Your relationship to chess
Every chess player has a relationship to chess. In some cases, the relationship is a little unhealthy. I don't mean how serious he takes the game, or how often he plays, what I mean is his relationship to the ideas in chess, the maneuvers, the principles of chess, and his idea of how you accomplish things (on the chessboard).
The most common type of relationship that I have seen, and to be honest I am still desperately trying to get free of, is a perfectionist attitude to chess. You find the player with the highest rating, or the most authoratitive voice you can find in chess. You then believe everything he or she says, while disagreeing with everything opposite of it.
Your attitude will go beyond what player's say, and will delve into openings, principles, and situations that can happen on the board. In a previous blog post I mentioned this, for instance a player's view of the isolated pawn. A healthy player will have examined this issue in depth, from both sides. He will have taken an isolated pawn on purpose to experiment with it, and he will have played against it as well. He has read the common plan, the plan B's, and he's developed numerous plans of his own on how to play such positions.
Contrast this with the perfectionist player. Perhaps he never accepts an isolated pawn (regardless of how good it is), or if he does, he immediately feels uncomfortable and thinks he is losing.
In studying (or memorizing) openings, this happens as well. The player will get an opening book, or a database, or listen to advice of other players, and he will compile a list of variations that he thinks are 'best', and if you deviate, you have played a 'bad' move. He himself will never deviate. Most likely he's memorized these 'best' lines, but doesn't understand why the moves are played, or any of the subtetlies that have been found from decades of world-class players playing these lines.
This kind of player will play like a grandmaster, but then the second you get them out of book their game will usually fall apart like a stack of cards. Of course, every player has this problem to some degree.
Contrast this with a 'healthy' relationship to studying openings, one that can be found in the book 'The road to chess improvement'. You play an opening, you get out of book, you come up with your own ideas, you play them, maybe they get refuted, then you go look at what the book says. You're doing it interactively, not memorizing a huge list of moves and then trying to force yourself to play them even though you don't understand them. Even though they may not be the main lines - you've learned alot about the structure of the position and the things that can happen because you've experimented moving your pieces all over the position.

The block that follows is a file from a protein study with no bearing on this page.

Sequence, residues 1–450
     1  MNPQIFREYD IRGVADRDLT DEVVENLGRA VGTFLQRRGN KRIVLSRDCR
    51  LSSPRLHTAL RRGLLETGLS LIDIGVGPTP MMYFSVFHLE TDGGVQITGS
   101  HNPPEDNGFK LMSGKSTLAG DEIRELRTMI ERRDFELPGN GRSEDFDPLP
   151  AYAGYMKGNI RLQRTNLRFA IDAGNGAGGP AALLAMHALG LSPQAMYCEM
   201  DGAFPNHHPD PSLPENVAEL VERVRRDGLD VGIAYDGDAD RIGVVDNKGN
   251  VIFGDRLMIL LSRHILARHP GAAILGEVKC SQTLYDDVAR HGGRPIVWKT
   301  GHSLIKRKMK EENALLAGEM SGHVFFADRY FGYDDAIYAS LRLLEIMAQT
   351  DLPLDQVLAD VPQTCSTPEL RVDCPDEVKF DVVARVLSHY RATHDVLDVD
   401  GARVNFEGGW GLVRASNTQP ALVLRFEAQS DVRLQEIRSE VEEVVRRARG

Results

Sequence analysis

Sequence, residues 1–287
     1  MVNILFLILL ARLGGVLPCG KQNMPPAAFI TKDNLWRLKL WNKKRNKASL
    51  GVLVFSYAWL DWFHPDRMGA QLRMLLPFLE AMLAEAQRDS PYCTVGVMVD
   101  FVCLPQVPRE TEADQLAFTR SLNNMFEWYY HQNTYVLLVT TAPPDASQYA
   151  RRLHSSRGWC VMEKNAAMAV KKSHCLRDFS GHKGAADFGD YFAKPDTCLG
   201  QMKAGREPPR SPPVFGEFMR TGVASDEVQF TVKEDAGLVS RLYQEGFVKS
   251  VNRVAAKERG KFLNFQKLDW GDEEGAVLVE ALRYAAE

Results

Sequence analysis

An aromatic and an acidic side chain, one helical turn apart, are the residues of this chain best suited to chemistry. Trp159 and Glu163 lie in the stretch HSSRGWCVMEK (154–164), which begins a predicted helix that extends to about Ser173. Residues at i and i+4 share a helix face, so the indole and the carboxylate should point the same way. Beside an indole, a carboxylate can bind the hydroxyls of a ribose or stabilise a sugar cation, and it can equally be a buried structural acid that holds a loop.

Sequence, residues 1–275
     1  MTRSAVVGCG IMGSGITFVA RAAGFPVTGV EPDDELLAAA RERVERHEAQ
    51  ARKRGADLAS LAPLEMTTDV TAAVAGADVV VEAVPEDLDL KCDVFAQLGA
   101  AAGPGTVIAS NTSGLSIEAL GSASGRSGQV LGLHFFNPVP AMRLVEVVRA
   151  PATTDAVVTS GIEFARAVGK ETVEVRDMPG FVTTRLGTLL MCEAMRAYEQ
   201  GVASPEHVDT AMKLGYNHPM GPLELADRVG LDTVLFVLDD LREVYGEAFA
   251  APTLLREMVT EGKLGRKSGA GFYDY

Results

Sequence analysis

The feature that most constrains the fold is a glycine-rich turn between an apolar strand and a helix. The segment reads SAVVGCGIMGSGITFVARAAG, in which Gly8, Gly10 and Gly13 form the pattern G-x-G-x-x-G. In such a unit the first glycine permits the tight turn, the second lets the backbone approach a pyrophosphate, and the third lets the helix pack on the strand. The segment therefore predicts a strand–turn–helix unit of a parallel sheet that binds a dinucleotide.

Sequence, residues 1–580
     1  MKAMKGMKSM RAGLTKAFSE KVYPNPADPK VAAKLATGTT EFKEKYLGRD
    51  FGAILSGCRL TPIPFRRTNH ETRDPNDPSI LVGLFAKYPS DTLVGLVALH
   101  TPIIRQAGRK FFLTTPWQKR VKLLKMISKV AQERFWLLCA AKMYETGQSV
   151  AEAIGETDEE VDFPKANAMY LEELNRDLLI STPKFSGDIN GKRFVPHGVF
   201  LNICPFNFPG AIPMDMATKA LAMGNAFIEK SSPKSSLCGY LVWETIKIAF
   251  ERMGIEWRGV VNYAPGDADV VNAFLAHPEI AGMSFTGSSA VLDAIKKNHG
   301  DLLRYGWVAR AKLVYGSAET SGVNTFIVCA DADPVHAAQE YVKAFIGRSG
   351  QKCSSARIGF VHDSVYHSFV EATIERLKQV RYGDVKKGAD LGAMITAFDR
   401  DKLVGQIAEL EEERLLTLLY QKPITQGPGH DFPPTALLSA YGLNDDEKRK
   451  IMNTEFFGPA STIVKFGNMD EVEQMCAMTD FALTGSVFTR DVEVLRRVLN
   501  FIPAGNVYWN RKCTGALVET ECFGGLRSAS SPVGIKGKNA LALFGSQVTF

There are many more aspects to a healthy relationship to the game in my opinion, and they deal with how you analyze, who you analyze with, what kind of games you play, what time controls you play, etc.
It's very easy to adopt some of the conservative judgement that you should never play speed chess. Old chess players have been saying this for a long time. However, if you look at new up-coming players, do they not play speed chess? Do they not spend countless hours playing on ICC? Do you see GM's training on the internet by playing a ton of slow chess? You rarely see it at all. It's not that they don't have the time.
These old, conservative players say that speed chess develops bad habits. Supposedly, by playing speed chess, you are putting your mind in 'fast-forward' mode, and when you play a real standard game, you won't be able to 'slow down'.
I have a few counters to this argument. First of all, the speed of analysis that you are forced to have to succeed in speed chess can directly translate over to slow chess. You can literally keep the same analyzing tempo and just prolong the variations.
Secondly, the human being is a very flexible creature. Successful humans learn how to adapt to the situation they are in. While yes, some people are very, very slow to adapt, modern day children and younger people seem to have a very surprising adaptability to change. So while playing a standard game, you simply change gears right at the beginning of the game.
Third, speed chess does something slow chess doesn't do - it lets you see thousands of positions rapidly and experience playing them regardless of how well you are playing the positions. You begin becoming familiar with the openings you play, familiar with reacting to wild unpredictable situations.
Fourth , and this is the most important point in my mind, is that you 'feel' the pieces. In speed chess, or especially lightning, you have to have the skill to move a bishop to an unattacked square instantly. No thought - just move it to an unattacked square. You have to be able to naturally and without thought move all the pieces you have around the board to efficient squares very quickly. And in my opinion, besides the fact that this can help you in a blitz finish to a slow game, it will mean you have the ability to analyze quicker as well. The bishop that you just plopped on an unattacked square quickly in a real game becomes the bishop that quickly moves to an unattacked square in your mind. If you don't have the ability to quickly make a move in a real game, how can you have it in your mind? You are literally operating in slow-motion.
Remember, your relationship to chess will evolve. Things you hold dearly now will get destroyed in the future, or, if you're stubborn, won't. You will learn new things, you will fear things you now fear less, and you will have a new image of the game entirely. I'd like to wish good luck to all improving players of every level as their relationship to chess changes. Thanks.